Stretching the Network: Using Transformed Forces in Demanding Contingencies Other Than War
RAND CORP SANTA MONICA CA
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Although the United States and other nations have pursued transformation to a networked force to prevail decisively in major expeditionary war, networking may also contribute to lower-scale nonpermissive contingencies short of war. This occasional paper examines the capabilities of networked forces and evaluates their utility for meeting the challenges of lesser contingencies. It should be of special interest to policymakers within the U.S. Department of Defense and other allied nations who are involved in force transformation and understanding the impact of networking on military operations. It should also interest humanitarian organizations, academics, and others who have an interest in low-intensity conflict, peacekeeping operations, and nation-building to further understand the advantages networked military forces may provide in those environments. The paper results from the RAND Corporations continuing program of self- sponsored independent research. Support for such research is provided, in part, by donors and by the independent research and development provisions of RANDs contracts for the operation of its U.S. Department of Defense federally funded research and development centers. This research was overseen by the RAND National Security Research Division NSRD. NSRD conducts research and analysis for the Office of the Secretary of Defense, the Joint Staff, the unified commands, the defense agencies, the Department of the Navy, the U.S. intelligence community, allied foreign governments, and foundations.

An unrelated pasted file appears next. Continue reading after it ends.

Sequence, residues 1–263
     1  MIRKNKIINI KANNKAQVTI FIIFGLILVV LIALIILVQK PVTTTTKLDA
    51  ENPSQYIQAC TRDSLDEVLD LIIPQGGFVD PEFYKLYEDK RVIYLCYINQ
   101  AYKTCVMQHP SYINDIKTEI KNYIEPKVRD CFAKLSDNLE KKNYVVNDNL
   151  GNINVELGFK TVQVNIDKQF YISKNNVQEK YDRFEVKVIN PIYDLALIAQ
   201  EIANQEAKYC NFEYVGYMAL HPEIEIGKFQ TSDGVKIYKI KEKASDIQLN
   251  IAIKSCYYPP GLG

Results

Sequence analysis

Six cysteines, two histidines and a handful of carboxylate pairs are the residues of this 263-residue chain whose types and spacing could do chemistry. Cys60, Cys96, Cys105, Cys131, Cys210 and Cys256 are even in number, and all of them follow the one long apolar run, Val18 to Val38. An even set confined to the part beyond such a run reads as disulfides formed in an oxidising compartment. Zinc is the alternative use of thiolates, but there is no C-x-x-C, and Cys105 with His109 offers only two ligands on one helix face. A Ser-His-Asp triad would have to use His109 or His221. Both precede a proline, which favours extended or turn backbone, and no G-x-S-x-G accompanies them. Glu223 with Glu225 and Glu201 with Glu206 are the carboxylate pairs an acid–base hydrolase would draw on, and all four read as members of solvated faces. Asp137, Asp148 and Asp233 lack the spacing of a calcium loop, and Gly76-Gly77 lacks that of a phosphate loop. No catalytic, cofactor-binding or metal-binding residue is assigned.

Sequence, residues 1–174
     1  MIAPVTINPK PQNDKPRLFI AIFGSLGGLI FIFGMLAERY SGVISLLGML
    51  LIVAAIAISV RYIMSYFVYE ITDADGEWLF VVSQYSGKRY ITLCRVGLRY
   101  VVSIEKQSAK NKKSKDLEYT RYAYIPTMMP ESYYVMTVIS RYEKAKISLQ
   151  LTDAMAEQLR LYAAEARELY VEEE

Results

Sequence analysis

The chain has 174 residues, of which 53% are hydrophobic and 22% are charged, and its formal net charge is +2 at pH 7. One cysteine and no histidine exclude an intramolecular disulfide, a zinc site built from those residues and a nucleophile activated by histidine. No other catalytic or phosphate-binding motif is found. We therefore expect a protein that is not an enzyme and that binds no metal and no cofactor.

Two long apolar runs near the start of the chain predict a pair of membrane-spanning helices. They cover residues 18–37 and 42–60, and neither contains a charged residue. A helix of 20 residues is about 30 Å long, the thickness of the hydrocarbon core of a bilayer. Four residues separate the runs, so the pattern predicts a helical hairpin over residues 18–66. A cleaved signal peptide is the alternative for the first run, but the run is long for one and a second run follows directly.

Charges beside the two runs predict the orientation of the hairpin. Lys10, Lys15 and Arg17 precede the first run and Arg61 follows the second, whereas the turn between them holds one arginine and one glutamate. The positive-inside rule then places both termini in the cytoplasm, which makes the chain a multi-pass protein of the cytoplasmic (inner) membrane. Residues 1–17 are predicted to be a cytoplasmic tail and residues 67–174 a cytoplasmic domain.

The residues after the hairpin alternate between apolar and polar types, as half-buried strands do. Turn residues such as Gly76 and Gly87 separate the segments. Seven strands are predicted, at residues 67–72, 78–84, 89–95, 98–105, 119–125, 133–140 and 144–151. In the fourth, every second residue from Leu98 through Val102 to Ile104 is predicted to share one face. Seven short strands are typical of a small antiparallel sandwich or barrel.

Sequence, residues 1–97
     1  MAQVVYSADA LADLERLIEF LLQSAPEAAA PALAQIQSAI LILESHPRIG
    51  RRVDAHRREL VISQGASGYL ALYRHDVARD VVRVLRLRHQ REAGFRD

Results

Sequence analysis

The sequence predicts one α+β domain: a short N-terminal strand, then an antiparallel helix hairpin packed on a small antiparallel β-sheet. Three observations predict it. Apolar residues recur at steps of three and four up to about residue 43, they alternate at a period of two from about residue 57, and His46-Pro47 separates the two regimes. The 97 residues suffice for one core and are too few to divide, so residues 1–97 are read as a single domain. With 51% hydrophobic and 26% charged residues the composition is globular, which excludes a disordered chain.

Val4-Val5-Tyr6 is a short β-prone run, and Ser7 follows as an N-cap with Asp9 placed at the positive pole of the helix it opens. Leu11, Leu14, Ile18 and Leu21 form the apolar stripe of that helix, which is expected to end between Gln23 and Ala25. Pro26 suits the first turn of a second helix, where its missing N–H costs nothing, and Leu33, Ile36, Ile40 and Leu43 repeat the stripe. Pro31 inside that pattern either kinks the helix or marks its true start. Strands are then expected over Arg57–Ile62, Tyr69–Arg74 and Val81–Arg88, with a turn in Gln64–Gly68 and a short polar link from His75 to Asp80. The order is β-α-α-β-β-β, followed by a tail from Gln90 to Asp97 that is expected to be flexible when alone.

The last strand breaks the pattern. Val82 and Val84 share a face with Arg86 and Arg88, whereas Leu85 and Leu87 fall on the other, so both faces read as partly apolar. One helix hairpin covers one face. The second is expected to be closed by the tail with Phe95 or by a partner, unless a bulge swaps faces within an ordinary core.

- Military Operations, Strategy and Tactics